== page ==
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‘Punk As Fuck’: A film on the powerful & iconic photography of Steve Gullick

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‘A good photograph,’ says Steve Gullick, ‘is one that looks great, one that captures an interesting moment in time, one that tells a story, or in the case of a portrait, offers an insight into the subject.’

This is could be a description of Gullick’s own photographs—his beautiful, inky black portraits that are amongst the most recognizable and iconic images of the past twenty years.

Gullick was influenced ‘Mainly by the dark imagery of Don McCullin and Bill Brandt. I tried to infuse my photos with a similar drama—I spent all of my spare time in the darkroom working on getting good.

‘It was more difficult with color but when I started printing my own color stuff in the late 1990’s I was able to match the intensity of my black & white work.

These photographs have captured succeeding generations of artists and musicians from Kurt Cobain, Nirvana, Nick Cave, Patti Smith, Depeche Mode, Foo Fighters, Bjork, The Prodigy, through to Bonnie ‘Prince’ Billy and Richard Hawley

‘Photography is magic. The ability to capture something forever that looks interesting to you is magnificent.’

Now an exhibition of his work Punk as Fuck: Steve Gullick 90-93 is currently running at Indo, 133 Whitechapel Road, London, until 31st March, and is essential viewing for anyone with a serious interest in photography, music and art

To coincide with the exhibition, film-maker Joe Watson documented some of Steve’s preparation for the show, and interviewed him about the stories behind his photographs.

For more information about Punk as Fuck and a selection of Gullick’s brilliant work check his website.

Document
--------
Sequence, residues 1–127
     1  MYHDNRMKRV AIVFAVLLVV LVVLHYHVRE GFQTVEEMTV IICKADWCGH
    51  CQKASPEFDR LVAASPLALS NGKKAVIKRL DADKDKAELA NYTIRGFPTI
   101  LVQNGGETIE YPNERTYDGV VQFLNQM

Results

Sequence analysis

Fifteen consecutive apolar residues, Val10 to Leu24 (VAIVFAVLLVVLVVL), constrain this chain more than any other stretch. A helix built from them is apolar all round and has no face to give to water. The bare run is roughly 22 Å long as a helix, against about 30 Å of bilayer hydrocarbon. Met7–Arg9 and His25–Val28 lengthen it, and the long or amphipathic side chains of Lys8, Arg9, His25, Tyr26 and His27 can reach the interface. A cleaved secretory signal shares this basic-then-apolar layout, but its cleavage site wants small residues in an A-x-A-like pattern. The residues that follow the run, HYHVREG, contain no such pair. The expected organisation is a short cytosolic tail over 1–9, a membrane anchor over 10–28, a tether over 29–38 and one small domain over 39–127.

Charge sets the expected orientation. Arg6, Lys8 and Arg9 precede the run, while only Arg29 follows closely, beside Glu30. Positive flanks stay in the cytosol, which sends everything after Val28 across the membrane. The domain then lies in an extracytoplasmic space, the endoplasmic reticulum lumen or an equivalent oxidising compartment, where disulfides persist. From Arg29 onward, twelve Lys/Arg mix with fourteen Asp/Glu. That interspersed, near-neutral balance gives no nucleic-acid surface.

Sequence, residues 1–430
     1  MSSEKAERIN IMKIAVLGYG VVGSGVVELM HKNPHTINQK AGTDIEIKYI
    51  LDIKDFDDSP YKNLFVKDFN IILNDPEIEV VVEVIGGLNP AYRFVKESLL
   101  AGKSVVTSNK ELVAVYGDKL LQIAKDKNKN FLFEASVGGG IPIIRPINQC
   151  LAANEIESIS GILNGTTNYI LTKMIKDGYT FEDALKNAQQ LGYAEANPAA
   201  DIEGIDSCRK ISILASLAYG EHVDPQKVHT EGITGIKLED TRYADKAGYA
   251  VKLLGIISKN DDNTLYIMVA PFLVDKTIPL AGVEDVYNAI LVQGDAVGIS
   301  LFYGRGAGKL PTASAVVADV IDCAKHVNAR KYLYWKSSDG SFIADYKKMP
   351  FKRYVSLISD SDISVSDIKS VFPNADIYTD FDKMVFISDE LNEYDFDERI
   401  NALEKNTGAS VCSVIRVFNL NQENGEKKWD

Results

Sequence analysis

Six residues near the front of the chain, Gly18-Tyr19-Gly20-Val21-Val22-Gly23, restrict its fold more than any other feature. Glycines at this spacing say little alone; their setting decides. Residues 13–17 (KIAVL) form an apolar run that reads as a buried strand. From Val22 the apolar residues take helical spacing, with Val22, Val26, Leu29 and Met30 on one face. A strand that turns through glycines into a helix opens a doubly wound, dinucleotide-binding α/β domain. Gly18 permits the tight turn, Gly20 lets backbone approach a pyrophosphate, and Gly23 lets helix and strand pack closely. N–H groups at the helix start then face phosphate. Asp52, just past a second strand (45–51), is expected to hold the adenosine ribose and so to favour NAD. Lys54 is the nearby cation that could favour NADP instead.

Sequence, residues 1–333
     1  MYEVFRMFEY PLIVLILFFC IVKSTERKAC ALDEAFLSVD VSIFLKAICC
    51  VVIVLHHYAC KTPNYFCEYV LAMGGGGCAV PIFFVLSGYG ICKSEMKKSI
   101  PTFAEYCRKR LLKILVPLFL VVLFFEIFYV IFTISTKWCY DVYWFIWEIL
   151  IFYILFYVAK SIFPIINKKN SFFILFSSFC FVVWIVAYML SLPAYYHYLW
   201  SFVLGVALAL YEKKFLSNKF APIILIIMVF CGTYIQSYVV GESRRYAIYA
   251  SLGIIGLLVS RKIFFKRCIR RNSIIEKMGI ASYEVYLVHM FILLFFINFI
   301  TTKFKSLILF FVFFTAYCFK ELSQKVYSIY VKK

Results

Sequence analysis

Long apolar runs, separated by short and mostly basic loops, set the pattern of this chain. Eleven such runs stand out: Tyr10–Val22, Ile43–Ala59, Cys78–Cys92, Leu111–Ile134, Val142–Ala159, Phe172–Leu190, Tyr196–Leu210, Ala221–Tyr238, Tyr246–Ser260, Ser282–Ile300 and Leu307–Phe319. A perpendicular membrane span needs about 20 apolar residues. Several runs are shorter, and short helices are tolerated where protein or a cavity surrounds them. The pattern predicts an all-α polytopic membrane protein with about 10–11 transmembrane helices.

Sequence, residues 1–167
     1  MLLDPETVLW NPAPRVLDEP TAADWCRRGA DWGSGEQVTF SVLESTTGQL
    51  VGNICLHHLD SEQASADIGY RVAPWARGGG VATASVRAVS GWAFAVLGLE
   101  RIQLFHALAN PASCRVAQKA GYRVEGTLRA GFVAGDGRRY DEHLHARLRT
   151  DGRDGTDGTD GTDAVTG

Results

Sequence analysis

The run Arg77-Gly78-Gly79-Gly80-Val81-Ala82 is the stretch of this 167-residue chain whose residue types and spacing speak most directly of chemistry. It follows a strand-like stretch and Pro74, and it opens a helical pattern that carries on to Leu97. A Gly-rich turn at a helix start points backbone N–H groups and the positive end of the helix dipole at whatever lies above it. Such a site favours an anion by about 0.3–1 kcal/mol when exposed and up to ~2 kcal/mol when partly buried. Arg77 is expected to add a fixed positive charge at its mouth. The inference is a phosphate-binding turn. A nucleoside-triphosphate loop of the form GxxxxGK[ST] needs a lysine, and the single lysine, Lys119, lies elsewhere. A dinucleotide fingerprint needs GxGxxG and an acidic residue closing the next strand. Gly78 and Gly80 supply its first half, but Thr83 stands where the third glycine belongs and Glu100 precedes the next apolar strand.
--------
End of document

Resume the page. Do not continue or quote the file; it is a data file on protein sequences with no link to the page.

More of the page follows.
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Posted by Paul Gallagher | Discussion
‘The Day the Clown Cried’: Behind the scenes of the infamous Jerry Lewis film
03.14.2013
12:24 pm

Topics:
Movies

Tags:
Nazis
Jerry Lewis
clowns


 
This is a guest post from Tabitha Vidaurri, a writer and comedinette from Brooklyn

In 1971 Jerry Lewis infamously directed and starred in a film about the Holocaust titled The Day the Clown Cried.  For reasons that are still unclear, Lewis chose to depart from his trademark slapstick formula and play the role of Helmut Dorque, a German circus clown who ends up leading Jewish children to the gas chamber.

The film was never finished or released for obvious reasons (not even the French were behind him on this one). Apparently Lewis has refused to talk about Clown in interviews, which I find odd—you’d figure a comedian famous for falling down and making stupid faces would jump at the chance to discuss his utterly humorless movie about a clown in a WWII German concentration camp!

In the behind the scenes footage (see below) we get a glimpse of Lewis fulfilling his duties as a director: leading the film crew, checking the cameras, and dancing around wearing a neck brace. Ambient sound has been added to enhance the overarching sense of alienation, except it isn’t really necessary because this is footage of Jerry Lewis talking to Nazis.

This slideshow of rare production stills shows a gratuitous number of photos of Lewis in full clown makeup, and to escalate the creepiness of him posing with children he presumably later leads to their deaths, the sequence is set to doo-wop music performed by Jimmy Beaumont and the Skyliners.

Since the videos are absent of dialogue, here’s an excerpt from the script  to give you a little taste of the abyss:

HELMUT
(screaming at top of voice)
Come back, damn you, come back.  The
children… they’re laughing.  They’re
laughing. I am a clown.  I am a clown.


He turns back to the children and again bows.  He quickly leans down, looks at his reflection in the puddle, and scoops up a handful of mud which he plasters on his nose to make a bulbous, artificial proboscis.  He turns back to the children and in pantomime, pretends to see a fly buzzing about and tries to swat it.  The imaginary fly buzzes closer.

The CAMERA MOVES UP TO—CLOSE SHOT—HELMUT

As the “fly” lands on his nose.  He looks cross-eyed at the mud blob, then swats at it.  The blob falls off.


To cleanse yourself of this massive, historical failure I suggest taking a shower and then watching The King of Comedy.

This is a guest post from Tabitha Vidaurri. Follow Tabitha on Twitter
 

 

Posted by Richard Metzger | Discussion
Sex, guys & videotapes: Meet Amy Gwatkin, London’s most transgressive artist (NSFW)
03.11.2013
01:09 pm

Topics:
Art
Sex

Tags:
Amy Gwatkin


 
“They’re being brave and so am I,” explains photographer/artist Amy Gwatkin in her impeccable Queen’s English, sat in her white walled studio, pretty much bent double in her chair with nerves.